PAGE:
But, to the video.  Again, let me preface this by nothing I’ve never used a true video camera or GoPro’s before, so this was truly my first attempt at videography.  I’ve probably taken a total of 20 videos using my digital cameras over the years, mostly to document how things related to our tandems or the motorcycles worked to supplement a blog entry.  In other words, noting longer than a minute or two and with minimal editing.  Speaking of editing, I also got to use my new-old-stock / refurbished MacBook Pro and the GoPro Cineform video editing software for the first time.  Thankfully, there are a few self-help videos out on the net that do a  great job of explaining how the video transfer to computer software and editing work; those were a HUGE help.  Beyond that, it was simply a matter of spending an hour or two watching football while pulling out a few (16) clips from the 3 hours of video that were captured by the two cameras, and then edit those down into “visual bites” that could be strung together into something that I found appealing and somewhat entertaining; hopefully y’all will too.

For any readers who don’t ride a tandem bicycle, perhaps this gave you a little taste of what it is we find enjoyable about riding two-up on a bicycle built for two.  For the folks who ride tandems, perhaps the rear-facing view and shadows added some interest.  Sadly, the YouTube quality of playback isn’t all that great… I’ll try to work on that.  Definitely a lot of compression going on there.

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About TG

I've been around a bit and done a few things, have a couple kids and a few grandkids. I tend to be curmudgeonly, matter-of-fact and not predisposed to self-serving chit-chat. Thankfully, my wife's as nice as can be otherwise we'd have no friends. My interests are somewhat eclectic, but whose aren't?
This entry was posted in Bloggishnish, Technology & Equip., Whimsical Or Entertaining. Bookmark the permalink.

6 Responses to A 49-Minute Tandem Ride In 78 Seconds: My First GoPro Video…

  1. cbratina says:

    What amazed me was the incredibly wide Q Factor, even accounting for the wide angle lens. Our FSA carbon crankset had a 168 mm Q Factor. I changed to an EDCO Competition with Phil Woods BBs to get away from the unsealed BB bearings and reduced the Q Factor to 139 mm front and 152 mm rear. They are much prettier, only 25 grams heavier, and we are steadier when sprinting out of the saddle.

    • TG says:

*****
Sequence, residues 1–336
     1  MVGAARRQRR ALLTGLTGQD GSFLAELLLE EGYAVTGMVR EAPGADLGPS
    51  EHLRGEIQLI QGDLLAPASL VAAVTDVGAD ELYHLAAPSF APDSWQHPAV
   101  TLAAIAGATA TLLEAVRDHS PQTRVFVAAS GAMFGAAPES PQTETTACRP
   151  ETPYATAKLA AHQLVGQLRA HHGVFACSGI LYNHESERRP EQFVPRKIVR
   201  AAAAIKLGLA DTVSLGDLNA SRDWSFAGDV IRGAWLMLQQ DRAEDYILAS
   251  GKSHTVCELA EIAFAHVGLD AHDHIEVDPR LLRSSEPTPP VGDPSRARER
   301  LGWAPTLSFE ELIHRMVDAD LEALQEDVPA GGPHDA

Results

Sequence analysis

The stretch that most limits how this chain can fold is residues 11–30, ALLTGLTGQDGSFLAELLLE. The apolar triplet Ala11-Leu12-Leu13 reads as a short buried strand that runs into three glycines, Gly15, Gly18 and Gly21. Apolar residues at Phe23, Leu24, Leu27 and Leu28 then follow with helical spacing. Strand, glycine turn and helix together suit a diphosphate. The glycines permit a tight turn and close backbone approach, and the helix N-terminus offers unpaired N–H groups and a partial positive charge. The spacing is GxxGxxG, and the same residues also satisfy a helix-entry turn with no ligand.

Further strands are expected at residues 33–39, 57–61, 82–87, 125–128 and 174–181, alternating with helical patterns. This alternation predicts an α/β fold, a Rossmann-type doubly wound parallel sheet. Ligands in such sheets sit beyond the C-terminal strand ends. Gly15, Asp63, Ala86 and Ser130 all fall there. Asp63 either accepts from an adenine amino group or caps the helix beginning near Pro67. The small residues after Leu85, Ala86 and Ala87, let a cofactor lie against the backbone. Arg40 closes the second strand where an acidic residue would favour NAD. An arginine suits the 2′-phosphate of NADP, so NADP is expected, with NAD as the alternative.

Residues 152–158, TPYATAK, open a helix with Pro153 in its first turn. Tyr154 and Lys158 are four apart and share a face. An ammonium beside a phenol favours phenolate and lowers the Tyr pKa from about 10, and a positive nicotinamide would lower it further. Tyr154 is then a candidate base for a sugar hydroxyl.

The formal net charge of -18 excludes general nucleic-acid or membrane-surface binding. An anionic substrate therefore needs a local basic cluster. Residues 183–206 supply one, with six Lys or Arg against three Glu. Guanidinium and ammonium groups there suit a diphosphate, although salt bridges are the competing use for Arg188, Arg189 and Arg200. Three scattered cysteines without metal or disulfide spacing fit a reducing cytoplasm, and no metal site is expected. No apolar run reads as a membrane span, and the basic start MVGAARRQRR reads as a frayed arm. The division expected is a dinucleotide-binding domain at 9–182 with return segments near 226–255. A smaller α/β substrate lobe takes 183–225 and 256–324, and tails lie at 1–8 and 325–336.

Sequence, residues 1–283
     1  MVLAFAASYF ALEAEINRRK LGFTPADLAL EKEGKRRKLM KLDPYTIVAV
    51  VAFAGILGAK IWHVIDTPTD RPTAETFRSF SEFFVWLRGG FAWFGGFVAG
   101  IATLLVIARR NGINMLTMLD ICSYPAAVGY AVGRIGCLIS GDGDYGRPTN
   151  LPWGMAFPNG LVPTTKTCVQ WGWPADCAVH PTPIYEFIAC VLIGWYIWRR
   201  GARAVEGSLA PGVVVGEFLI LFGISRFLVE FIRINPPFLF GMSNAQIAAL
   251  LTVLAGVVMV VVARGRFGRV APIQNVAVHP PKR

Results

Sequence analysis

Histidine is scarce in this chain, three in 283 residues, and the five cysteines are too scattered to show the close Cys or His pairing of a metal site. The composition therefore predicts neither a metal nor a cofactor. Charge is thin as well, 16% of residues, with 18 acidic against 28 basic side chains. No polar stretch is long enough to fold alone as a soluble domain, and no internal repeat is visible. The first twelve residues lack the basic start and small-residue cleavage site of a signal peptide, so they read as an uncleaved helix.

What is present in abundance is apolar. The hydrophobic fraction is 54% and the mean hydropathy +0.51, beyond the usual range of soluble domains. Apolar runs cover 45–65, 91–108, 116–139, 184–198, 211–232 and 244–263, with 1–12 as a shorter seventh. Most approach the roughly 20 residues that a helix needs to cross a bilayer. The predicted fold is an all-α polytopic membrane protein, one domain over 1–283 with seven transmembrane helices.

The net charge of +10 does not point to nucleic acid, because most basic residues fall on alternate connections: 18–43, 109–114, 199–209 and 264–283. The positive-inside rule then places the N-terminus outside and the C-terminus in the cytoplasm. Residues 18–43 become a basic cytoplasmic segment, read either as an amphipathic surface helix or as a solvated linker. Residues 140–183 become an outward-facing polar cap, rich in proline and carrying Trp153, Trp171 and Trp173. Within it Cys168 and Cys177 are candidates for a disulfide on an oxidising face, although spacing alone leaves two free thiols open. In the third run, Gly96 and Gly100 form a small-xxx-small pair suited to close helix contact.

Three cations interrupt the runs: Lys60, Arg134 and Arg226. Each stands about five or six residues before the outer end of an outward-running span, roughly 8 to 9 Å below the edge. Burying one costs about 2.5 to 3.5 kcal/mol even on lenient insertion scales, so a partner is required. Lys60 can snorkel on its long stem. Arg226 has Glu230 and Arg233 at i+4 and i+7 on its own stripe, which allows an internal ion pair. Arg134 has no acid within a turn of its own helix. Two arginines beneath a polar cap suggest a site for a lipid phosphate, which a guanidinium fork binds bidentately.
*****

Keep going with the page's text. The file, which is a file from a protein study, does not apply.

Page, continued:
Actually, you under-estimated the fish-eye effect that a 2.5mm lens has on an object that’s only a couple feet away…

      The rear tread / Q-factor on the Calfee is 155mm. Those are daVinci cranks sitting on a 111mm Phil Wood Ti/Mag bottom bracket.

  2. Very Nice! Enjoyed that!

  3. Marv B says:

    Nice first film! Care to pass along the tips you found on transferring and editing? I’ve had my GoPro for a while and have accumulated quite a few videos, but just haven’t had the patience to spend the time “learning the ropes”.
    By the way, GoPro has a new iPhone app that does the remote control and includes a preview mode.

    • TG says:

      Thanks. There are definitely a few things I’d change now that I see how the video look on YouTube, but that was the whole purpose of the first video: just to “learn” and see if I could figure out how to get data pulled off the cameras and transformed into a video that was under a minute long with music, titles, fade-ins/outs and some other editing trials thrown in.

      “Kyle” has one of the better gigs going on GoPro Tips & Tricks. He’s detailed enough without getting into minutia to make sense for the average dolt like me.

      This is a link to his YouTube Channel: http://www.youtube.com/user/kylemartn101/videos

      This is one of the two Videos gave me a quick jump start on editing: http://www.youtube.com/watch?v=sEBe6hVXXHA
      This was the other one: http://www.youtube.com/watch?v=SoFOB1uLX6g

      There are several others that he uploaded “about 4 months ago” where he offers additional tips that I haven’t looked at yet, but that are probably pretty helpful too.